Joint session: Emotions, objectification and reflexivity in qualitative body and sport research

  • RN 11 – Sociology of Emotions
  • RN 20 – Qualitative Methods
  • RN 28 – Society and Sports

We invite researchers working on subjects that engage the body in situations of various interactions (physical, sports, arts, in professional or leisure situation) to question their practices and their emotional commitment in their field.

Three perspectives will be favoured.

  • Discuss the opportunities, limitations and bias of different versions of participant observation. One of the main issues is to question the researcher’s choice when faced with the challenging dialectic of subjective and emotional connection to the field and the aim of "axiological neutrality" required by the scientific posture. An object held at a distance or “blindness” in the field? Therefore, we will question the different types and occurrences of ethnocentrism, androcentrism an hegemonic Doxa which very often remain invisible.
  • Take the measurement, in the objectification work, on the importance of autobiographical determinations, in order to clarify the researcher’s situated point of view (age, sexuality, social class, sex, race, etc.). We will examine in particular the heuristic advantages which this involvement can contribute to the construction of a scientific object or on the contrary, it may misrepresent the content.
  • The emotions of the researcher in the field have a crucial impact on the way he or she perceives reality which has been widely neglected by methodological debates. We encourage contributions that reflect on the researcher's affectivity and its impact on the collection and interpretation of data.

Ultimately, we invite the presenters  to make a reflexive return on their research subject by shifting the focus on the social, cultural, spatiotemporal or even, in connection with biographical transformations (accidents, maternity, mourning, etc.) or structural events (institutional changes, crisis, disaster, etc.).


  • Monica Aceti
  • Haifa Tlili
  • Sven Ismer
  • Katarina Jacobsson

Joint session : Glocalisation, Cosmopolitanism, Nationalism and Sport

  • RN 15 – Global, Transnational and Cosmopolitan Sociology
  • RN 28 – Society and Sports

‘As more processes show less regard for state boundaries – people shop internationally, love internationally, marry internationally, research internationally, grow up and are educated internationally (that is multi-lingually), live and think transnationally, that is combine multiple loyalties and identities in their lives – the paradigm of societies organized within the framework of the nation-state inevitably loses contact with reality.’ (Beck, 2000, p. 80). With this open statement from Ulrich Beck, it is possible to envision how the idea of nation-state society has been challenged lately in sociology not only through his cosmopolitan theory, but also by a myriad of approaches as network society (Manuel Castells), mobile society (John Urry), glocalisation theory (Roland Robertson), and McDonaldisation theory (George Ritzer), between many others. In this regard, this call for papers is interested in both empirical and theoretical contributions that look into the role and characteristics of contemporaneous nation-state and nationalism within professional sport. What means to represent and support a country? Whose country to represent and support in case of multiple nationalities? What means to have multiple loyalties? How solidarity and social movements occur across political national borders? How mobility of coaches and athletes challenge the notion of a national team play/spirit? These are examples of questions that could be addressed, but are not an exclusive list. Special attention will be given to papers dealing with sport megaevents which still confronts nation-states as Olympic Games, World Cups, and more regional events as European and Commonwealth Games.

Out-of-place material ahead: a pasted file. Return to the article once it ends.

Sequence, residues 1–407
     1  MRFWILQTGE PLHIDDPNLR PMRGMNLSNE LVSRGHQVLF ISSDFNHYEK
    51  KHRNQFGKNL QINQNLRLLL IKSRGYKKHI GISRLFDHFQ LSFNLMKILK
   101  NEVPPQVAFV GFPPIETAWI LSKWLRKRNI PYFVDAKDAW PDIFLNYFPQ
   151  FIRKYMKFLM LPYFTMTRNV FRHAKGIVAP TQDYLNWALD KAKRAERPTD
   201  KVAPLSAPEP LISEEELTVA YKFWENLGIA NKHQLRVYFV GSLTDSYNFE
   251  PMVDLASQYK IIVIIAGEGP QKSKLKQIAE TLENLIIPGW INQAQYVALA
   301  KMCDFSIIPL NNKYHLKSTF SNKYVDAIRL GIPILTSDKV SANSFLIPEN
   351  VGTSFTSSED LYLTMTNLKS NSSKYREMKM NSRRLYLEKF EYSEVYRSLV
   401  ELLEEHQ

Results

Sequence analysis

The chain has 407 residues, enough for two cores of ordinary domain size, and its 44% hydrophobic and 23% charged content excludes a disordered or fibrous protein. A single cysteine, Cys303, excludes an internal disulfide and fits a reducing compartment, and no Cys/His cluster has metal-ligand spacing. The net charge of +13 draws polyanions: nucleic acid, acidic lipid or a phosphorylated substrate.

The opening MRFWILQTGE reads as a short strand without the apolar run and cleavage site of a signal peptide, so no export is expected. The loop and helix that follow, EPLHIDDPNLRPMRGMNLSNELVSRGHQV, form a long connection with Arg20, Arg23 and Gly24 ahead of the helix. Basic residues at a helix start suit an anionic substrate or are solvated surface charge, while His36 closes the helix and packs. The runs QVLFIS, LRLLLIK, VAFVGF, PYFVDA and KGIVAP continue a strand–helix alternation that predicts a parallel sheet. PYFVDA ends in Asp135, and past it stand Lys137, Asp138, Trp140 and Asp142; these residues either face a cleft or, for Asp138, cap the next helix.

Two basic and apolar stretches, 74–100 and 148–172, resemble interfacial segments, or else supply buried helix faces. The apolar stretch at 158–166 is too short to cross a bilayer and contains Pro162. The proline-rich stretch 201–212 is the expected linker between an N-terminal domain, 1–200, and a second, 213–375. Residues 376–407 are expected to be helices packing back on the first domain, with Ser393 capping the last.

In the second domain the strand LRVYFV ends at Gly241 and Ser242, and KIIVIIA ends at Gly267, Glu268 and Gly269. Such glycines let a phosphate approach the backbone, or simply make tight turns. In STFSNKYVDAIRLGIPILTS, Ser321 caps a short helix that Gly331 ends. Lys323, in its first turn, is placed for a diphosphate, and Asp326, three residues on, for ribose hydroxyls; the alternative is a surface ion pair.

• Renan Petersen-Wagner
  • Angel Manuel Ahedo Santisteban

Joint session: Gender, health and physical activity

  • RN 16 – Sociology of Health and Illness
  • RN 28 – Society and Sports

The recent ‘obesity epidemic’ currently afflicting affluent societies around the world has prompted a focus on ‘healthy citizenship’. This has stimulated a lifestyle-focused approach to reducing the collective waistline of societies across the globe as seen in the focus on diets, behaviours considered to be unhealthy (e.g. smoking and alcohol consumption) and raising physical activity levels. This session will focus on how, and in what ways, gender both influences, and is influenced by, physical activity and what is understood as being ‘healthy’. Therefore, it offers an opportunity to consider the ways in which the gendered body is implicated in this most modern of crises.

We invite empirical and theoretical papers addressing such issues as:

  • The gendering of exercise and health behaviours